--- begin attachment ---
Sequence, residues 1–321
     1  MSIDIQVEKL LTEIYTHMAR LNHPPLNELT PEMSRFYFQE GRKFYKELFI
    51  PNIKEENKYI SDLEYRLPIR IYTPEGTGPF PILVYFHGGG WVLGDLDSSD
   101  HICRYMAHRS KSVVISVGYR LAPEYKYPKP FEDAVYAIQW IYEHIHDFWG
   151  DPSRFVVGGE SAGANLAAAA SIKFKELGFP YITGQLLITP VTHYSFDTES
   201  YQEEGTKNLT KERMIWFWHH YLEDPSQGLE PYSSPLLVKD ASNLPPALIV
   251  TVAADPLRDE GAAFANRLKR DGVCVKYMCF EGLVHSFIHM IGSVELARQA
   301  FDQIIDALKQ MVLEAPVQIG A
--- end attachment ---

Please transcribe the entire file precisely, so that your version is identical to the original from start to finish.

Sequence, residues 1–321
     1  MSIDIQVEKL LTEIYTHMAR LNHPPLNELT PEMSRFYFQE GRKFYKELFI
    51  PNIKEENKYI SDLEYRLPIR IYTPEGTGPF PILVYFHGGG WVLGDLDSSD
   101  HICRYMAHRS KSVVISVGYR LAPEYKYPKP FEDAVYAIQW IYEHIHDFWG
   151  DPSRFVVGGE SAGANLAAAA SIKFKELGFP YITGQLLITP VTHYSFDTES
   201  YQEEGTKNLT KERMIWFWHH YLEDPSQGLE PYSSPLLVKD ASNLPPALIV
   251  TVAADPLRDE GAAFANRLKR DGVCVKYMCF EGLVHSFIHM IGSVELARQA
   301  FDQIIDALKQ MVLEAPVQIG A